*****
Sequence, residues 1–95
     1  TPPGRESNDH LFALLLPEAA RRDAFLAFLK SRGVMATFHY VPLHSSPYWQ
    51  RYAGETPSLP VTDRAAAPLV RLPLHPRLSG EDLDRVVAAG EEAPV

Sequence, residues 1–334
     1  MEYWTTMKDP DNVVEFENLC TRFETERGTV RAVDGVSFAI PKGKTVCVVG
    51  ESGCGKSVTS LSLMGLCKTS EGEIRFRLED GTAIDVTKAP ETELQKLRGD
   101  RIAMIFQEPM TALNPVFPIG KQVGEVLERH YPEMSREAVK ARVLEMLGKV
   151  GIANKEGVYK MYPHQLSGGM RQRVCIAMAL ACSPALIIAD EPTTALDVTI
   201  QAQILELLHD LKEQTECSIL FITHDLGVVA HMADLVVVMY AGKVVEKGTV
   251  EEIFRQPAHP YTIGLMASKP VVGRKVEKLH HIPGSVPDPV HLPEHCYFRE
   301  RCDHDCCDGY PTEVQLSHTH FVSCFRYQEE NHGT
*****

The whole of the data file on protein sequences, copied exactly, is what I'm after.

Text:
Sequence, residues 1–95
     1  TPPGRESNDH LFALLLPEAA RRDAFLAFLK SRGVMATFHY VPLHSSPYWQ
    51  RYAGETPSLP VTDRAAAPLV RLPLHPRLSG EDLDRVVAAG EEAPV

Sequence, residues 1–334
     1  MEYWTTMKDP DNVVEFENLC TRFETERGTV RAVDGVSFAI PKGKTVCVVG
    51  ESGCGKSVTS LSLMGLCKTS EGEIRFRLED GTAIDVTKAP ETELQKLRGD
   101  RIAMIFQEPM TALNPVFPIG KQVGEVLERH YPEMSREAVK ARVLEMLGKV
   151  GIANKEGVYK MYPHQLSGGM RQRVCIAMAL ACSPALIIAD EPTTALDVTI
   201  QAQILELLHD LKEQTECSIL FITHDLGVVA HMADLVVVMY AGKVVEKGTV
   251  EEIFRQPAHP YTIGLMASKP VVGRKVEKLH HIPGSVPDPV HLPEHCYFRE
   301  RCDHDCCDGY PTEVQLSHTH FVSCFRYQEE NHGT